Like about a week ago my boss assigned me to a task, which to me feels way to big/complicated for me considering my minimal skills and lack of experience so far (I just graduated my bachelors degree in software engineering last fall, no work experience aside from some internships).

How can I politly communicate that this might be to much for me alone and/or that if I am supposed to do it by myself I need a lot more time? I don't want to sound lazy or make it seem like I just don't want to do it. That's not the case. But half of the specifications is pretty much hieroglyphs to me and another big chunk of what I understand are things I've not used yet or not learned.

My boss was on a trip the whole week, so I was not able to communicate with him (business trips usually call for 8-10h nonstop work at the clients workplace - very very busy) and wants to meet tomorrow for a little update meeting. However I haven't really started programming aside from the small amount of work I was able to understand and start.

  • @Fattie: You may have the ability to instantly plan out an assignment with a code base you aren't familiar with it and give out an estimate, but not everyone has that ability. After forty years in the field, I still find that some tasks are a lot easier than they look and some are a lot harder. Commented Jan 31, 2019 at 19:22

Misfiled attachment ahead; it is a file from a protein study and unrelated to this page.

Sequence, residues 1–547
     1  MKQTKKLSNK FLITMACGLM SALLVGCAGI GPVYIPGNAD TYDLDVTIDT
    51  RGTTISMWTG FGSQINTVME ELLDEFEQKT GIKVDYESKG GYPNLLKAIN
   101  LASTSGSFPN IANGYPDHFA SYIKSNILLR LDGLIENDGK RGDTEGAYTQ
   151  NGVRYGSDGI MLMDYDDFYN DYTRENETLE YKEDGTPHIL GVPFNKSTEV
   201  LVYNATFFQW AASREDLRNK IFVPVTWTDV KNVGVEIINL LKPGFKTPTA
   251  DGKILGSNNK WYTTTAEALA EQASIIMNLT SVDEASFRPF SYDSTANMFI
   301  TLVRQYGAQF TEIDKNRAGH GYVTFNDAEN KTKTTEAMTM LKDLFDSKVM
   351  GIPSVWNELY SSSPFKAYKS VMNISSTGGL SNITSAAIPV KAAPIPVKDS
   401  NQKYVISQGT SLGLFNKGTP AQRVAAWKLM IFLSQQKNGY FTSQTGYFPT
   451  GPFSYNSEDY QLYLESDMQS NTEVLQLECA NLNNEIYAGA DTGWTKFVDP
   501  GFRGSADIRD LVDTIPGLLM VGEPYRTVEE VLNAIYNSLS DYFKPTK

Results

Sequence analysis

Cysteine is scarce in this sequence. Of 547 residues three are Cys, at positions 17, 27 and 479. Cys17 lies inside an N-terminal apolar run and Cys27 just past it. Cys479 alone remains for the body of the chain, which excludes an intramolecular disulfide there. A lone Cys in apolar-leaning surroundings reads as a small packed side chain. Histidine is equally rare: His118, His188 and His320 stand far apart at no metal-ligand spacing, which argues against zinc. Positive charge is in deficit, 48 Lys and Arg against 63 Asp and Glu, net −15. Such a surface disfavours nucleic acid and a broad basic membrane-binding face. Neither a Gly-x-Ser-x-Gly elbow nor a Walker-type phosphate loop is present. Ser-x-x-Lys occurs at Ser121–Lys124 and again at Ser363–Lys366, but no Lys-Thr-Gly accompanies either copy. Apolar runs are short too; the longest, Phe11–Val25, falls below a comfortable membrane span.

2 Answers 2


Be as honest as you can as soon as you can. Getting overwhelmed by your first project is to be expected (and your boss should have expected this and given you more of a ramp-up, but I guess he was busy).

Talk to him.

Thanks for giving me this workstream. Would it be possible to talk through the requirements on this, I'm afraid I don't really understand them and I think I might be overcomplicating what's needed to complete this task.

The odds are that the task you have is well within your capabilities, but the language/depth of the requirements are just unintelligible and need some translation into something you can understand.

Before your meeting, try to understand what you can about the work-items and replay these assumptions to him - you don't really want to give the impression you've only stared at the screen for a week.


Be prepared ;)

It may sound like a joke, but it is not. What it feels and what it is in objective reality are two different things.

The boss wants to know if you can do the job and how he can help. So make a good analysis of what you have to do. Estimate the time needed for you to do each detail. Make a list of trainings you need to perform some tasks better. Understand for which areas you need coaching, and ask for a coach.

In other words, present your boss a list of problems. Ideally, also present a list of possible solutions for each problem.

Do not overestimate yourself, especially since you do not have much experience.

Do not be afraid, and do not forget to still be polite and professional.

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